A Distant Memory

by Brianna Kittrell

I wake up each morning and somehow remember less,
from my father’s favorite song to my mother’s favorite dress.
The moments of yesterday just barely linger,
I try to grasp the memories, but they evade my desperate fingers.

There are small flashbacks from happenings long ago,
but they fade and distort themselves as the days come and go.
My son came by today and brought a suitcase with him,
he took it to my closet where he filled it to the brim.

I could see the tears in his eyes as I asked him where we were going,
he wrapped me in his warm arms, and the tears just kept flowing.
My head began to hurt, and I started to scream.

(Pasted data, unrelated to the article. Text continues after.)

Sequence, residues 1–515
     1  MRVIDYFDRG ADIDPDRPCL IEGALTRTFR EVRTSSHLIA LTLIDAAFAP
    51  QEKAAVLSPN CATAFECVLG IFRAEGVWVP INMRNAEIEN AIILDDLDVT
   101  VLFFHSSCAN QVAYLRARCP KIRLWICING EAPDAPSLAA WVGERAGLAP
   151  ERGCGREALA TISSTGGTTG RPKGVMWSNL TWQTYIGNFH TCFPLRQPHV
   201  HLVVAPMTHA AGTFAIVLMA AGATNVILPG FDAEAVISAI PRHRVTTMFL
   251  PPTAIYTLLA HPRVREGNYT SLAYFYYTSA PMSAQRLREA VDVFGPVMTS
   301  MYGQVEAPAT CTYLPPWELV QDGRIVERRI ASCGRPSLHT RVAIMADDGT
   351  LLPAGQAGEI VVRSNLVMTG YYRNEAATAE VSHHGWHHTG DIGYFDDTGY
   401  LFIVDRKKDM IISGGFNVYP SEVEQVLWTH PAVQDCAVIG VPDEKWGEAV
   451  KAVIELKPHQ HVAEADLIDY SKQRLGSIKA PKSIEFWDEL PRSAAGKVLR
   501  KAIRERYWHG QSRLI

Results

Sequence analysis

Who was this stranger? I asked myself as my sanity began to rip at the seam.

The grim man ushered me to his car with the suitcase in his hand.
His cheeks were wet like mine, the sight hard to withstand.
We drove to a large building, and he tried to coax me inside.
When the people in white came towards me, I wanted to run and hide.

They asked me many questions, and images came in blurs.
One of the ladies stepped forward and took my wrinkled hand in hers.
She sat me in a chair and put a band around my wrist.
The sad man stared at me now, his wet eyes transfixed.

Someone asked me for my name, but I do not know you see;
I look down at the writing on the band. Ruth, could that be me?

Category: Poetry, SNHU Creative Writing, SNHU online creative writing, SNHU Student